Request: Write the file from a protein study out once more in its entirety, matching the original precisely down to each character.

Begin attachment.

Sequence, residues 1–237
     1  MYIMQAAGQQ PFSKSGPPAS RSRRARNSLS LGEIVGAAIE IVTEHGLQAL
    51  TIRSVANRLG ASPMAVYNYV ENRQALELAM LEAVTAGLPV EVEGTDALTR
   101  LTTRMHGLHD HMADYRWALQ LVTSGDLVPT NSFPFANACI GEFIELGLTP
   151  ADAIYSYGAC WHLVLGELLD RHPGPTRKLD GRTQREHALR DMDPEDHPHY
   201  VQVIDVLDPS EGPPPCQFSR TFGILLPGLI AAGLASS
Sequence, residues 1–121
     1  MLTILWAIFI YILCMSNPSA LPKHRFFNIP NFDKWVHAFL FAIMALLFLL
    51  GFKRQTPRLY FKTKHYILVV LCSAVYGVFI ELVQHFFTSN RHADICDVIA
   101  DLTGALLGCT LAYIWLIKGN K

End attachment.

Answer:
Sequence, residues 1–237
     1  MYIMQAAGQQ PFSKSGPPAS RSRRARNSLS LGEIVGAAIE IVTEHGLQAL
    51  TIRSVANRLG ASPMAVYNYV ENRQALELAM LEAVTAGLPV EVEGTDALTR
   101  LTTRMHGLHD HMADYRWALQ LVTSGDLVPT NSFPFANACI GEFIELGLTP
   151  ADAIYSYGAC WHLVLGELLD RHPGPTRKLD GRTQREHALR DMDPEDHPHY
   201  VQVIDVLDPS EGPPPCQFSR TFGILLPGLI AAGLASS
Sequence, residues 1–121
     1  MLTILWAIFI YILCMSNPSA LPKHRFFNIP NFDKWVHAFL FAIMALLFLL
    51  GFKRQTPRLY FKTKHYILVV LCSAVYGVFI ELVQHFFTSN RHADICDVIA
   101  DLTGALLGCT LAYIWLIKGN K